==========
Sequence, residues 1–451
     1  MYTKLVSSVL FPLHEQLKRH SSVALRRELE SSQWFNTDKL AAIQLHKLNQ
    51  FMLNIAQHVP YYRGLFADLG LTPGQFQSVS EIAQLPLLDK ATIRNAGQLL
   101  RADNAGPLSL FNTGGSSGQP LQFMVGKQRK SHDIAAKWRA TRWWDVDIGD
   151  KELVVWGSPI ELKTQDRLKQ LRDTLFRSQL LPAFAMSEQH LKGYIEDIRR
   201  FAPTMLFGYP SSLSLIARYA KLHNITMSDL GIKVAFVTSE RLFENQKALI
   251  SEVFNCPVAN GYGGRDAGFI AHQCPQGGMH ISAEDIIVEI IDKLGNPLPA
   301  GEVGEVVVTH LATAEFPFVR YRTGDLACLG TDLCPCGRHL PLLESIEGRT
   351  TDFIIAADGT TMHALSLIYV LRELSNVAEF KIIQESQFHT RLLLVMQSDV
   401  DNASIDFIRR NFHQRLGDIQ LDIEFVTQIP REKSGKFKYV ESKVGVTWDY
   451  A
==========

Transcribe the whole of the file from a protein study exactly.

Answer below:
Sequence, residues 1–451
     1  MYTKLVSSVL FPLHEQLKRH SSVALRRELE SSQWFNTDKL AAIQLHKLNQ
    51  FMLNIAQHVP YYRGLFADLG LTPGQFQSVS EIAQLPLLDK ATIRNAGQLL
   101  RADNAGPLSL FNTGGSSGQP LQFMVGKQRK SHDIAAKWRA TRWWDVDIGD
   151  KELVVWGSPI ELKTQDRLKQ LRDTLFRSQL LPAFAMSEQH LKGYIEDIRR
   201  FAPTMLFGYP SSLSLIARYA KLHNITMSDL GIKVAFVTSE RLFENQKALI
   251  SEVFNCPVAN GYGGRDAGFI AHQCPQGGMH ISAEDIIVEI IDKLGNPLPA
   301  GEVGEVVVTH LATAEFPFVR YRTGDLACLG TDLCPCGRHL PLLESIEGRT
   351  TDFIIAADGT TMHALSLIYV LRELSNVAEF KIIQESQFHT RLLLVMQSDV
   401  DNASIDFIRR NFHQRLGDIQ LDIEFVTQIP REKSGKFKYV ESKVGVTWDY
   451  A